"Lee Smith: ‘Linkage’ Is False Because Arabs Can’t Be Trusted"
Recent statements from Vice-President Joe Biden, General David Petraeus, and Defense Secretary Robert Gates on how how the Israeli-Palestinian conflict, and the perception of U.S. favoritism toward Israel, negatively affect U.S. interests in the Middle East have generated a number of frantic and strained responses from Israel hawks who insist that the U.S.-Israel relationship, unlike every other relationship that has ever existed between two states in human history, exists in a kind of special bubble that magically only ever generates positive things for both states, and that suggesting otherwise means that you hate Israel and love Osama bin Hitlernejad.
The best one of these yet comes from the Hudson Institute’s Lee Smith, who is fast overtaking Michael Ledeen as my favorite unintentionally comic writer on the Middle East. Acknowledging that the “linkage” argument “has won the support of a broad consensus of U.S. congressmen, senators, diplomats, former presidents, and their foreign-policy advisers, seconded by journalists, Washington policy analysts, almost every American who has ever watched a Sunday morning news roundtable, and the Obama Administration, from National Security Adviser James Jones to the president himself,” Smith insists that all of these people are wrong. Why? “Having written a book that describes the Middle East in terms of a clash of Arab civilizations,” Smith informs us, “I give no credence to the notion that the Arab-Israeli arena is the region’s defining issue.” Do you hear? Smith has written a book that argues something different! (I hate to break it to Smith, but many of the people whose views he dismisses have written books, too.)
Smith lists a number of other conflicts in the Middle East, cleverly showing that… there are a number of other conflicts in the Middle East. “Nonetheless,” writes Smith, “I can hardly help but recognize the central role that U.S. Middle East policy has given to the belief that, from the Persian Gulf all the way to Western North Africa, a region encompassing many thousands of tribes and clans, dozens of languages and dialects, ethnicities and religious confessions, the Arab-Israeli issue is the key factor in determining the happiness of over 300 million Arabs and an additional 1.3 billion Muslims outside of the Arabic-speaking regions.” Typical of linkage deniers, Smith has to rely on caricature in order to make his argument. No one has ever suggested that “the Arab-Israeli issue is the key factor in determining the happiness” of anyone, other than the nearly 4 million Palestinians who continue to suffer under Israeli occupation and siege. But it’s simply a fact that Arabs themselves report the Palestinian issue as one that is very important to them, and one that negatively affects their view of the United States.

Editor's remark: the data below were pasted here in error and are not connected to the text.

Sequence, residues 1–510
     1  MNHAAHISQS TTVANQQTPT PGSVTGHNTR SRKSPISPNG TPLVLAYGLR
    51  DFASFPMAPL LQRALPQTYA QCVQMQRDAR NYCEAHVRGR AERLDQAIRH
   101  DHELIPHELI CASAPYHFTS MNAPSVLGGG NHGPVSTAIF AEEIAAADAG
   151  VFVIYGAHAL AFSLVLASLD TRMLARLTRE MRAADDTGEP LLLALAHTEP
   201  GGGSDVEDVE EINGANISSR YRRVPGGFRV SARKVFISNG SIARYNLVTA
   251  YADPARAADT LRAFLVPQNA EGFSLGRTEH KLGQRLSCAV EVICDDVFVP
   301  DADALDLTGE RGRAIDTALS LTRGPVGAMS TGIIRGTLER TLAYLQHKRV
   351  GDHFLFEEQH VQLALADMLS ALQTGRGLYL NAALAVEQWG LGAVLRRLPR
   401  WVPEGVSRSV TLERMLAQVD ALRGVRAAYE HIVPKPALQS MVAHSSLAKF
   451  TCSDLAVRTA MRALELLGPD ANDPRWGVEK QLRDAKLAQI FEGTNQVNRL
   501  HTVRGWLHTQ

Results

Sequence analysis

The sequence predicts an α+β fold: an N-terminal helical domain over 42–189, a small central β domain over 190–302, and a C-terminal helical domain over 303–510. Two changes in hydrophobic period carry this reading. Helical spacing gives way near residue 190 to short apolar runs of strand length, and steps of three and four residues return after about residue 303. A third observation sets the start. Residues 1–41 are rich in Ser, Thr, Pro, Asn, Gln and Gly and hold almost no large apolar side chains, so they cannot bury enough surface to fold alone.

How to get around this inconvenience? Smith has an idea:
Where does such an extraordinary idea come from? The answer is the Arabs — who might be expected, in the U.S. view of the world, to give us an honest account of what is bothering them. However, this would ignore the fact that interested parties do not always disclose the entire truth of their situation, especially when they have a stake in doing otherwise.
Ah yes, those wily Arabs, always fudging the truth. It’s part of their culture, you see. On the other hand, lobbying groups and think tanks closely aligned with the Israeli right wing, such as the one that pays Lee Smith to write books full of anecdata about how Arabs are inherently violent and untrustworthy, can always be counted on to be completely truthful about Middle East issues.
There’s quite a bit more hilarity to be mined from Smith’s piece — such as his inclusion of Dennis Ross among those who endorse the linkage argument, which links to an article about how Dennis Ross rejects the linkage argument, or his contention that the linkage argument is essentially a game of telephone begun by Ibn Saud in an attempt to gain advantage over the Hashemites — but I’ll just say that, if you were to judge an argument solely by the wild pitches it prompts from critics, linkage would appear to be an impressively strong one.